Leafs' Tyler Bertuzzi isn't delivering 'snot' or scoring punch that was promised

The Maple Leafs' biggest offseason add, projected to bring snarl to a club needing pushback, has failed to deliver in the early goings of the season.

Tyler Bertuzzi was considered to be the archetype of what previous iterations of the Toronto Maple Leafs were sorely missing, the crown jewel of a polarizing first offseason for new general manager Brad Treliving.

Bertuzzi carved out a reputation as a 30-goal player while providing the requisite toughness — or "snot," as Treliving became fond of — to augment a talented Maple Leafs team that never lived up to the sum of their parts during the playoffs.

One month into the season, Bertuzzi hasn’t delivered on either promise after signing a one-year, $5.5 million deal this offseason. Maple Leafs head coach Sheldon Keefe appeared to be fed up with the 28-year-old during Thursday’s overtime loss to the Boston Bruins, demoting him to the fourth line, paired alongside Pontus Holmberg and Ryan Reaves during the third period.

“He just needs to simplify his game,” Keefe said of Bertuzzi post-game via Sportsnet’s Luke Fox. “Today we had a very simple plan, and he failed to execute that, so other guys had to take his place.”

Tyler Bertuzzi has not come as advertised for the Maple Leafs amid a sluggish start. (Photo by Brett Carlsen/Getty Images)
Tyler Bertuzzi has not come as advertised for the Maple Leafs amid a sluggish start. (Photo by Brett Carlsen/Getty Images)

Bertuzzi recorded three shots at 5-on-5, but that has more to do with John Tavares and William Nylander’s superior playmaking than his own willingness to seek optimal scoring chances. Nylander and Tavares have been the Maple Leafs’ best players this season — though if you want to vouch for Auston Matthews, we won’t argue strongly — but Bertuzzi hampered the efficacy of his two star linemates as the trio posted a woeful 19.4% share of the expected goals at 5-on-5 and were on the ice for Pavel Zacha’s opening goal, the result of several Maple Leafs mistakes.

John Klingberg was primarily responsible as he stood in no man’s land and failed to communicate to Tavares that Zacha was crashing net-front, but Bertuzzi is nowhere in the frame, either.

Keefe’s lineup shuffle generally worked, at least as it related to the Tavares-Nylander combination. Matthew Knies took Bertuzzi’s place and the new line posted a 92% share of the expected goals at 5-on-5, generating five shots, surrendering none and breathing life into a Maple Leafs’ comeback attempt. Bertuzzi was a non-factor altogether on the fourth line.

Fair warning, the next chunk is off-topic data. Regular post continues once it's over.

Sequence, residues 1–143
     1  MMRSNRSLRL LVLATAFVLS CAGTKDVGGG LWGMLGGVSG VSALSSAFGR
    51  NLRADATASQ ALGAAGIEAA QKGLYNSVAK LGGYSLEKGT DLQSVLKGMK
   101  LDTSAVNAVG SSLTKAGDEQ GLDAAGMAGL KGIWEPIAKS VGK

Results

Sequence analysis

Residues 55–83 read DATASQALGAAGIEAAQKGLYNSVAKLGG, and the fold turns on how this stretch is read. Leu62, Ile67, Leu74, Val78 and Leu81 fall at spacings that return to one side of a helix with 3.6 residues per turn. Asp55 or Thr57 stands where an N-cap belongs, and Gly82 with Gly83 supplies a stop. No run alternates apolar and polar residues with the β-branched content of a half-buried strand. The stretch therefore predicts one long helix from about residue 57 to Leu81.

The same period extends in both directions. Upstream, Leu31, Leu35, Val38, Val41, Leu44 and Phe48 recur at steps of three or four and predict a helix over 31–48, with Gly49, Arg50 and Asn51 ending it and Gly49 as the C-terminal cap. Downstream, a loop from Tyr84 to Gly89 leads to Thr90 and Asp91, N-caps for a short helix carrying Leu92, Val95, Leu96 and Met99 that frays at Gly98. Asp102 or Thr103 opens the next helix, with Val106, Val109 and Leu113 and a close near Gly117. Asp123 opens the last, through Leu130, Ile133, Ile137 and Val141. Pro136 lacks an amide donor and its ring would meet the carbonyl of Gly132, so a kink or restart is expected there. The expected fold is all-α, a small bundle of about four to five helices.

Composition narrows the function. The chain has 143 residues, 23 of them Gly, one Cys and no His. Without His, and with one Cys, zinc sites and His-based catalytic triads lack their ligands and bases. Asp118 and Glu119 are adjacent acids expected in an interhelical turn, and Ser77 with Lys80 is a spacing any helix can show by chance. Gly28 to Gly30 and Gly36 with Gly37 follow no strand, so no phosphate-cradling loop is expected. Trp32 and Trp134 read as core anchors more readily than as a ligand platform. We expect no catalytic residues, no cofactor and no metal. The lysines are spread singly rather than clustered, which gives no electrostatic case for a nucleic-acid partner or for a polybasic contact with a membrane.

With two goals and three points in 10 games, pacing towards a 25-point season if he played all 82 games, this is not what the Maple Leafs signed up for from the gritty winger. In zero-sum terms, Bertuzzi was expected to replace Michael Bunting, a player who could augment Matthews and Mitch Marner’s offense with excellent puck retrieval skills. He also served as one of the NHL’s elite at drawing penalties despite a penchant for undisciplined play at inopportune moments.

Throughout training camp and through the opening three games, Bertuzzi was afforded the first look on the Matthews-Marner line, but he failed to formulate any real chemistry with Toronto’s franchise players and was replaced by the steady Calle Jarnkrok, who is more consistent with less upside.

That inability to make things click was one of the primary observations of training camp: Matthews, Nylander and Marner in some order were the team’s best players; Bertuzzi had a ton of good looks but couldn’t convert, both in practice and game scenarios.

As for the purported toughness he was supposed to add? Bertuzzi was caught chuckling on the bench as Bruins captain Brad Marchand got into a verbal spat with Reaves. Marchand collided with Maple Leafs defenseman Timothy Liljegren towards the end of the first period, causing the Swede to crash into the boards awkwardly and leave the game, with Keefe later revealing that he would be out for an extended period of time. Marchand wasn’t penalized, even though it appeared that he pulled a classic "can opener" — a dirty play where a player pulls their opponent’s leg back from behind.

We’re not necessarily advocating for senseless on-ice violence, but it is somewhat baffling that no one from the Maple Leafs bench, Reaves’ comments notwithstanding, stepped up to Marchand. What’s the point of emphasizing toughness over skill if they’re just buzzwords meant to placate a 24-hour news cycle in a hockey-mad market? How are fans supposed to believe that this iteration of the team is markedly different from the previous versions?

Bertuzzi, thus far, isn’t replicating Bunting’s toughness or secondary scoring punch, or an ability to agitate his opponents. At the risk of playing pop psychologist, it looks like he’s simply here for the ride.

It’s a one-year gamble on Bertuzzi, so the Maple Leafs can eventually cut ties with him if he fails to live up to his end of the bargain — and through the early stages of the year, Bertuzzi has not earned a passing grade.

Bertuzzi can’t be evaluated in a vacuum necessarily either, as it’s arguably the most pivotal season of the Maple Leafs’ timeline with an imminent Nylander extension to work through and the incremental postseason failures morphing into a Sisyphean hurdle.

Bertuzzi was asked to deliver secondary scoring punch, or at the very least, work as a capable puck retrieval specialist for Toronto’s Core Four, while bringing the requisite "snot" and toughness Treliving was obsessed with during this summer’s free agency period. He has done neither and the Maple Leafs simply need more from their new top-line winger as he’s producing bottom-tier results.

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